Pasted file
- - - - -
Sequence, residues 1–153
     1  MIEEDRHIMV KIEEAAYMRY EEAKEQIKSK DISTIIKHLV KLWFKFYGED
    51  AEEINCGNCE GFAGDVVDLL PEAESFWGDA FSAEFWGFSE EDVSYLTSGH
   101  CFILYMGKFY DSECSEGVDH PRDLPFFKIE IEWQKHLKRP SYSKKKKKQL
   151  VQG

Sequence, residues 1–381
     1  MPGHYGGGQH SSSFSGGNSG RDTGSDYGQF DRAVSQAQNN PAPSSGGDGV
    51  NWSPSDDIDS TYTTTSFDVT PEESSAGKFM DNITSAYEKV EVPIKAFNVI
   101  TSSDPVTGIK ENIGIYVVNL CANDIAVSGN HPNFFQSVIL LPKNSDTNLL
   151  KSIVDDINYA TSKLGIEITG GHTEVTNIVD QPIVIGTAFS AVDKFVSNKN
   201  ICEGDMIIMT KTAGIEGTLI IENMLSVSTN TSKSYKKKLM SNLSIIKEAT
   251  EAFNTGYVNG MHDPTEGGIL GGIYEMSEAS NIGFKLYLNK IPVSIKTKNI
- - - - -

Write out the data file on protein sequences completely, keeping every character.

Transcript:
Sequence, residues 1–153
     1  MIEEDRHIMV KIEEAAYMRY EEAKEQIKSK DISTIIKHLV KLWFKFYGED
    51  AEEINCGNCE GFAGDVVDLL PEAESFWGDA FSAEFWGFSE EDVSYLTSGH
   101  CFILYMGKFY DSECSEGVDH PRDLPFFKIE IEWQKHLKRP SYSKKKKKQL
   151  VQG

Sequence, residues 1–381
     1  MPGHYGGGQH SSSFSGGNSG RDTGSDYGQF DRAVSQAQNN PAPSSGGDGV
    51  NWSPSDDIDS TYTTTSFDVT PEESSAGKFM DNITSAYEKV EVPIKAFNVI
   101  TSSDPVTGIK ENIGIYVVNL CANDIAVSGN HPNFFQSVIL LPKNSDTNLL
   151  KSIVDDINYA TSKLGIEITG GHTEVTNIVD QPIVIGTAFS AVDKFVSNKN
   201  ICEGDMIIMT KTAGIEGTLI IENMLSVSTN TSKSYKKKLM SNLSIIKEAT
   251  EAFNTGYVNG MHDPTEGGIL GGIYEMSEAS NIGFKLYLNK IPVSIKTKNI